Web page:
At long last, the 3DS has a stand-out original title that not only looks great in 3D, but actually uses the third dimension and integrates it into its gameplay. Super Mario 3D Land is the first 3DS game to feel that it was designed specifically to be played in 3D. Even as colossal spiked pillars fly towards the screen, the application of the 3D feature somehow manages to avoid feeling gimmicky, instead feeling perfectly natural, as if it were an extension of the game.
To ensure the 3D effects are always at their most potent, the game employs what I can describe with confidence as the best, most intuitive camera I've ever seen in a video game. There are two arrow buttons on the touch screen that allow you to see what is slightly off-screen to the left or right, but this feature is not particularly useful and is more akin to looking up or down in Super Mario World. Beyond that, 3D Land defies the rules set by every previous 3D Mario platformer by not actually allowing you to reposition the camera.
But put down your torches and pitchforks, ladies and gentlemen; at no point in any of the game's 16 Worlds will you ever feel the need to do so. The camera is always, always where it needs to be. It follows you around corners and into the air, giving an overhead perspective when Mario needs to land on something far below, or make otherwise complicated jumps. It zooms out whenever it needs to show more and zooms in when it can stand to show less. Developers of the world, take note; there will be no more excuses for future Epic Mickeys or Ninja Gaiden II's. The perfect camera is possible. It's here, in Super Mario 3D Land.
The camera being beyond your control is just one of the many design choices that make Super Mario 3D Land feel very much like a 2D Mario game in 3D. There are no power stars or shine sprites to collect, and instead levels are played from start to flagpole as they have been in Mario's past sidescrolling escapades. There's even a run button. At first, this announcement greatly concerned me; the lack of an analog stick that forced the use of a run button in Super Mario 64 DS was one of its greatest faults. But after playing 3D Land for just five minutes, I'd already forgotten such concerns. Everything about this game, the way it flows, the way it feels, is much closer to another Super Mario Bros. 3 or New Super Mario Bros. Wii than a Sunshine or a Galaxy. So having to hold Y to run seems perfectly natural. After all, it's the same button you use to throw fireballs or swing your Tanooki tail, so how else should you expect to run?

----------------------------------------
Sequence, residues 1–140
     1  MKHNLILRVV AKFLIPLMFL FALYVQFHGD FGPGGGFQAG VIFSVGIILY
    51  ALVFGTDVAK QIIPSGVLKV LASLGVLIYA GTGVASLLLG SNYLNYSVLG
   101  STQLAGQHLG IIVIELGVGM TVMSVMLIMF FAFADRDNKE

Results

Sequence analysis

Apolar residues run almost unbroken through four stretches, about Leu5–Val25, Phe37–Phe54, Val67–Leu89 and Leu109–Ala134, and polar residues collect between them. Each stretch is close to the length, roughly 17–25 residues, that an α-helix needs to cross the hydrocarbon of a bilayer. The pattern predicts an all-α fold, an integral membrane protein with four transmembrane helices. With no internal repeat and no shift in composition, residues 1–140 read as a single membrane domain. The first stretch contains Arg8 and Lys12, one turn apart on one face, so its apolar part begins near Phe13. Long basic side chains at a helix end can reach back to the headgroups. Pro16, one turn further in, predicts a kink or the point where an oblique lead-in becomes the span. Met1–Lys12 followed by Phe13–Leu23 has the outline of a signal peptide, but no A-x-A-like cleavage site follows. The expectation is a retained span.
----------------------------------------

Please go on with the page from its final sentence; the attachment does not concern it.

|Everything is Tanooki!|
The confrontations with Bowser are all of the same ilk as those in the original Super Mario Bros., and though the final showdown with him has a stunning cinematic quality to it, it is still ultimately resolved by somehow getting past him and dropping the bridge he stands on; you'd think eventually the Koopa King would learn to stop fitting the bridges to his castles with self-destruct switches. Though a nice throwback to the game that started it all, these "fights" with Mario's arch-nemesis are a significant step down from swinging him around by his tail or launching small planets at him. At least they're a step up from tipping over his hot tub.
|I wish I was making that up.|
Still, traversing these worlds is an undeniable joy, especially in 3D. The controls are tight, the levels are wonderfully designed, and the graphics and sound are of the same superior quality we've come to expect from a Mario title. Really, there's little, if anything negative I can say about this game. The biggest complaint I have is that it didn't floor me the way either Mario Galaxy did. Nothing in this game shattered my expectations or challenged my notions of what a game could be, and while it might be ludicrous to have expected that, it does come as something of a disappointment after experiencing some of Mario's recent genre-definers.
I will say that anybody who owns a 3DS should play this game. Anybody who is thinking about buying a 3DS should play this game. 3D Land's application of the third dimension is as of yet unmatched, and I believe this game is the perfect roadmap for 3DS developers, representing the direction I hope the system continues to move in. It isn't a game that can be played in 3D, it's one meant to be played in 3D. While Super Mario 3D Land is a stupendous experience with next to no tangible flaws, it mostly left me excited for what's still to come.